Defiance 2050 is a current generation revisit to the original sci-fi MMO experience, Defiance. Under the debris and rubble of a post-war and terraformed Earth, we found a third-person shooter and looter that plays smoother than it looks, invites a constant return to its world, and is honestly hard to put down. Here is our review.
Reviewed on Xbox One, also available on PC, PS4
In the Wake of a Battle-Worn Past
Defiance 2050 takes place in a futuristic and terraformed San Francisco Bay Area, 15 years after the Pale Wars between Earth and a loose alliance of alien races known as the Votanis Collective. The Votans lost their solar system and came to earth in hopes of a new planet to inhabit, only to find it already domiciled by humans. Shortly after cohabitation was attempted, it failed due to ever increasing friction and discourse between the extraterrestrial Votanis Collective and the humans – thus, war broke out. In Defiance 2050, the war has since ended, and humans and Votans are still forced to live together. You, the player, exist in this world as an infamous “Ark Hunter,” essentially a professional warrior and scavenger employed by a squirmy industrialist, Karl Von Bach, to scour the Bay Area for advanced and expensive alien technology.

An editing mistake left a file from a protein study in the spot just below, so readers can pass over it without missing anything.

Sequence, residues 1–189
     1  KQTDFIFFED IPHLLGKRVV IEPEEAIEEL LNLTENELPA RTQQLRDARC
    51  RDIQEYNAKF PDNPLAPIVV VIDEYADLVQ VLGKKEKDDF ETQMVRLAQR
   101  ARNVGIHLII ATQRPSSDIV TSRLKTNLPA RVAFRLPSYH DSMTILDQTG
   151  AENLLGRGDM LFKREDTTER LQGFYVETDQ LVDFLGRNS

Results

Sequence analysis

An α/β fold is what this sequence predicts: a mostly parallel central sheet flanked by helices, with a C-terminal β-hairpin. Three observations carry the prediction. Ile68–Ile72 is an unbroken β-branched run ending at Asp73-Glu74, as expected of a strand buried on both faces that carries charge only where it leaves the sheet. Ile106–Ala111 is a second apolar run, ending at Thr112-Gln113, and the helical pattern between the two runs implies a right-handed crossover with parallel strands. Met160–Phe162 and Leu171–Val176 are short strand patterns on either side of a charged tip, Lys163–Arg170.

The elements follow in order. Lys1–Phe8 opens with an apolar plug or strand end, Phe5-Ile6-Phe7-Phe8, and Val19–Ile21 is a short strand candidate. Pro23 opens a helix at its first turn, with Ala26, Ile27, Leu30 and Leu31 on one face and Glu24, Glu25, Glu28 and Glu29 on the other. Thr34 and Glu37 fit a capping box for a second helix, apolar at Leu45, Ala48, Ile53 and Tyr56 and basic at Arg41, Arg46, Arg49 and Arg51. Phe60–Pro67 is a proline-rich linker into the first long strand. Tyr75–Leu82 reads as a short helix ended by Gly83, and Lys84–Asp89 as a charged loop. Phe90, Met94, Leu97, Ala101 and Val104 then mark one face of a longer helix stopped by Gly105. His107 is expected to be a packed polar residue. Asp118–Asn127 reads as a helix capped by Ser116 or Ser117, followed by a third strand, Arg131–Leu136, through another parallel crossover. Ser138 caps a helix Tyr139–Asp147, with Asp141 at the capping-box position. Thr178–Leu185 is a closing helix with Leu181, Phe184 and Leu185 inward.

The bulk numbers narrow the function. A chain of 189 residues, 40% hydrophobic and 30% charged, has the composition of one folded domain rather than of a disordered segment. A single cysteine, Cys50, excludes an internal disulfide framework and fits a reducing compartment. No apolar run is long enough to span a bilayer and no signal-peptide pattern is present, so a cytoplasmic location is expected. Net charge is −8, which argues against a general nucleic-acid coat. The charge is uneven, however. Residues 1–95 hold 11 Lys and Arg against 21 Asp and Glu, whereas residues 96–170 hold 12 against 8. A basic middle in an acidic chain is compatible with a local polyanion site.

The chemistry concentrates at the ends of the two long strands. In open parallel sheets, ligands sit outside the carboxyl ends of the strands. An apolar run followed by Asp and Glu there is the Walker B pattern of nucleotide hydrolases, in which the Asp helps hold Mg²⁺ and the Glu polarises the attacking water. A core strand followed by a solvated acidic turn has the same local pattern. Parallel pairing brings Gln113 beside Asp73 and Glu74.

The game does a good enough job setting up the story of Defiance and your role as an Ark Hunter. The story is told through cutscenes, dialogue, collectible intel, side missions and more. So, if you want to head knee-deep into the lore behind the Pale Wars and VC, the opportunity is there – but it very quickly becomes relevant that the focus of the game is you and your freedom to tell your own story. Trion Worlds has done a great job creating an entire universe from the ground up for you to explore, but being an MMO third-person shooter, the story likely won’t be the focus of your time in-game. Although I do appreciate the amount of liberty and decision-making power the game gave me right away, Defiance 2050 could have benefitted from deeper storytelling in its opening missions and scenes to really set the tone of the game.
While Defiance 2050 does seem to flow in the same vein of most other sci-fi stories today (aliens and humans meet somewhere in the universe, peace falls out, war ensues, etc.) it instead takes a rather unique and less travelled approach in that the story takes place entirely on Earth. Instead of taking you through a hard to digest adventure across unknown planets and entire worlds of new culture, Defiance 2050 explores how extraterrestrial conflict might affect our home that we’ve come to know and love, Earth.